Lowe: Blazers defensive flaws may catch up with them against better teams
Zach Lowe of Grantland.com tackled one of the league’s biggest questions this week, how good is this Blazers team actually?
Lowe praised Stotts’ adjustments to their pick and roll defense but also looked at some things they aren’t doing very well on defense, mainly isolation and other team’s hitting the offensive glass them, and how those things may catch up with them. He also talks about the possibility of Portland accelerating their process by making a trade.
Sitting back like this has also limited Portland’s fouling, and it has helped the team’s rebounding by keeping both bigs closer to the basket. Portland has allowed just 99.7 points per 100 possessions in the 266 minutes Lopez and Aldridge have shared the floor, equivalent to a top-five team mark, and it has rebounded 76.8 percent of opponent misses in those minutes. That would have led the league last season, a very encouraging sign given the preseason rebounding worries.
The question then becomes, Is this it? Is this as good as Portland’s defense can be? The signs on the boards aren’t all encouraging, by the way. Four of the Blazers’ first 11 opponents rank among the top seven in offensive rebounding rate, and all of them have torched Portland on the offensive glass, per NBA.com. (The other seven opponents rank 17th or worse.) The competition will get better, and there is a very basic lack of major plus defenders on the roster. A solid system without major defensive talent can only take a team so far.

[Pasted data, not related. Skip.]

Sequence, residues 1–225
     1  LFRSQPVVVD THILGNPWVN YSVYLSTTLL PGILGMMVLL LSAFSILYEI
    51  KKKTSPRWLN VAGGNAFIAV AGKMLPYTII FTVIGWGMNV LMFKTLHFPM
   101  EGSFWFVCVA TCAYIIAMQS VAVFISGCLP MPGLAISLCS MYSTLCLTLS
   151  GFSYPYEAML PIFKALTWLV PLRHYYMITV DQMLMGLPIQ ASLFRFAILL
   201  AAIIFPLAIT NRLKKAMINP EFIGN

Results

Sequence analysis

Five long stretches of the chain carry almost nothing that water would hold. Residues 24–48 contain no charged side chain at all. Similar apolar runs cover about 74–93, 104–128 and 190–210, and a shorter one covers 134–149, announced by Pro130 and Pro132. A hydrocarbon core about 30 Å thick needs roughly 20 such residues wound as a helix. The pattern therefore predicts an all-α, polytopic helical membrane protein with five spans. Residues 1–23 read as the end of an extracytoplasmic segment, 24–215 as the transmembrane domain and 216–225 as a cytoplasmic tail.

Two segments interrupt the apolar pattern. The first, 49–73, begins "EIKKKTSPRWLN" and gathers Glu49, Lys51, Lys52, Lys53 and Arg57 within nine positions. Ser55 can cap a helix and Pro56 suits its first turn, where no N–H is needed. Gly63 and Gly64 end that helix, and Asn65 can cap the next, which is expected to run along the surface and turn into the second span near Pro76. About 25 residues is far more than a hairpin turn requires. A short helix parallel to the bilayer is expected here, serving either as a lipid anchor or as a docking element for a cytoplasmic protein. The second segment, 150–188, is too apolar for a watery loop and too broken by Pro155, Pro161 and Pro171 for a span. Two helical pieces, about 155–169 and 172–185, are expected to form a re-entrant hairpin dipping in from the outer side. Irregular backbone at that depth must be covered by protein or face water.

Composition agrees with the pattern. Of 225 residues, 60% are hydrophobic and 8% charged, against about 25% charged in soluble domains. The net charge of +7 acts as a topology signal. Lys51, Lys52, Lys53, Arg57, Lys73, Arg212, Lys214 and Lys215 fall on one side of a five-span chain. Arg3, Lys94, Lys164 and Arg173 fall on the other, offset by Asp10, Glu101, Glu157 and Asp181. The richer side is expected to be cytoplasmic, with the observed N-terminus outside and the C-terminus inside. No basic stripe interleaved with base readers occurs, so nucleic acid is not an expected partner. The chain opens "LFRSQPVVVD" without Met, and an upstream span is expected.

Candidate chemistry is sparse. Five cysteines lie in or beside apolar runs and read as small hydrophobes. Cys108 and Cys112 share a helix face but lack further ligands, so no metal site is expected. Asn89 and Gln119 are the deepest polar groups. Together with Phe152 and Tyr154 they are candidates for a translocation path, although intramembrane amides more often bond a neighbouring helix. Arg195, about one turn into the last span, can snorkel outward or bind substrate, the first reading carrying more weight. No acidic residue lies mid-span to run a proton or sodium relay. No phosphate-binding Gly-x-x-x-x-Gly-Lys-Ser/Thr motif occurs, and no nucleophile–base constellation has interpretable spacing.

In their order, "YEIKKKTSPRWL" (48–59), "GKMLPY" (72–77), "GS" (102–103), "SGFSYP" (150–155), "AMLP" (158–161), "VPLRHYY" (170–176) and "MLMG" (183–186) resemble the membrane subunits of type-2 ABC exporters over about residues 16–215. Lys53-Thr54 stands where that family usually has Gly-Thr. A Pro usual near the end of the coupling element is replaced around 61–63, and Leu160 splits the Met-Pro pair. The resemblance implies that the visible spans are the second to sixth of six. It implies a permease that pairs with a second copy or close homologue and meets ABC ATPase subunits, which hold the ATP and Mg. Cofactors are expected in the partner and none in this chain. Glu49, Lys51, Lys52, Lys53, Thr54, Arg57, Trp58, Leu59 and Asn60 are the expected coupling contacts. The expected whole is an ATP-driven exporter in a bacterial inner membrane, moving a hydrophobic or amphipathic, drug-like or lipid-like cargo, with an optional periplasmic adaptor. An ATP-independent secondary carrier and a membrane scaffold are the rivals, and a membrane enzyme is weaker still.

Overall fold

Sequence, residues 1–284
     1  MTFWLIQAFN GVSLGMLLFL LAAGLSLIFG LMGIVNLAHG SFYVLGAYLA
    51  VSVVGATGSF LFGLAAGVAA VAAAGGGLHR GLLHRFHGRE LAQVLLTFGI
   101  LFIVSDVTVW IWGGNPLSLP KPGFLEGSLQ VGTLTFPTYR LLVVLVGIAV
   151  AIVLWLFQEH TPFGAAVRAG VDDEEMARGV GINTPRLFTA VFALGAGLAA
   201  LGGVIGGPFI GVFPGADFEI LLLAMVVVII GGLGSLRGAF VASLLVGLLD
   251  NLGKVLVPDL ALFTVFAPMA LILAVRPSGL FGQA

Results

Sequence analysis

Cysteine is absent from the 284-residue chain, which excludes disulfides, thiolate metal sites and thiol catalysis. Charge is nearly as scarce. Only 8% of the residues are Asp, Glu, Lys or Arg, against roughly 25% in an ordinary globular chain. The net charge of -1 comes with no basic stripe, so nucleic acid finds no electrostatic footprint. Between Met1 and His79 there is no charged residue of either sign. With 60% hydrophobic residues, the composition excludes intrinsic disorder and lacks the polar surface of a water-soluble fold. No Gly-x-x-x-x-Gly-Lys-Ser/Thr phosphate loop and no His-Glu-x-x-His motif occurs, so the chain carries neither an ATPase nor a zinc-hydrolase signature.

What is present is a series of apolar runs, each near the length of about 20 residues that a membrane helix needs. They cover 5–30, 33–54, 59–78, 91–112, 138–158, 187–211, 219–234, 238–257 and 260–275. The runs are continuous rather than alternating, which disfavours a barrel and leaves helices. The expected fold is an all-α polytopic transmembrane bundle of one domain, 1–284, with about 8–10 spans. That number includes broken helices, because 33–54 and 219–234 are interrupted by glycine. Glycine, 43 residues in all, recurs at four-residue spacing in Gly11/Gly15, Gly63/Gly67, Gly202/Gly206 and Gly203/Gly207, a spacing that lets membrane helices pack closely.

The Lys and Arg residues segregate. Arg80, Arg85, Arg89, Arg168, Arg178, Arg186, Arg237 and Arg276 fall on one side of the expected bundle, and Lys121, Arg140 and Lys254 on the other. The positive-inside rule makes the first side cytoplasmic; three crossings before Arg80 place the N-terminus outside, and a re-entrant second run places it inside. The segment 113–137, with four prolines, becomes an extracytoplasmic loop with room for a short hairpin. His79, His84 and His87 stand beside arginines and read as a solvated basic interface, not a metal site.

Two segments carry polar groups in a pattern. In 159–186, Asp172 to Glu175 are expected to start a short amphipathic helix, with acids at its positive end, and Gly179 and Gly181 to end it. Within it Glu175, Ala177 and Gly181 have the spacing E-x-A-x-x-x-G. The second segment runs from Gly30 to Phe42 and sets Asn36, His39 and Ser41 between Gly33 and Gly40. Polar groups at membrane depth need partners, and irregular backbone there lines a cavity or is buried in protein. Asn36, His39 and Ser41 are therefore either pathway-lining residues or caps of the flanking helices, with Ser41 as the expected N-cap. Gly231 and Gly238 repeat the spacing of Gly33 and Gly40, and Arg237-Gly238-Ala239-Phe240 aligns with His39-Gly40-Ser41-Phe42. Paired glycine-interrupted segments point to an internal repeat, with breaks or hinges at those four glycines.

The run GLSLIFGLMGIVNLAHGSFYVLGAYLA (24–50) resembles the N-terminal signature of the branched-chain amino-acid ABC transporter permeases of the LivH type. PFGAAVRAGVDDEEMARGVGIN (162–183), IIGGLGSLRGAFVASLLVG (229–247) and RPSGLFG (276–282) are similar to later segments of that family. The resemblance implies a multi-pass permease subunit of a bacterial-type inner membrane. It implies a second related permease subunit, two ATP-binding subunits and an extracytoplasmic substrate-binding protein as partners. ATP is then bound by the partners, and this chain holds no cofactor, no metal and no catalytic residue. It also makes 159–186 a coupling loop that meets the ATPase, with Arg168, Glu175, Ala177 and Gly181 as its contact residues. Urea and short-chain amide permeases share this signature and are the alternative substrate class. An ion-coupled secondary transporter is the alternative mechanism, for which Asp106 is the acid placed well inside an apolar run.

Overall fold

It’s tempting, staring at that 9-2 record, to think about how Portland could trade itself up a notch. There is a sad, rim-protecting center available in Houston, for instance, who would represent a major defensive upgrade over Lopez and fit nicely with Aldridge’s midrange game. The Blazers could also use another backup wing, though Wright is playing almost exclusively at small forward, and rookie C.J. McCollum will be back in a few weeks. Fellow rookie Allen Crabbe might crack Stotts’s nine-man rotation at some point.
The rest of Lowe’s piece is insightful and educational as always. Read the rest here.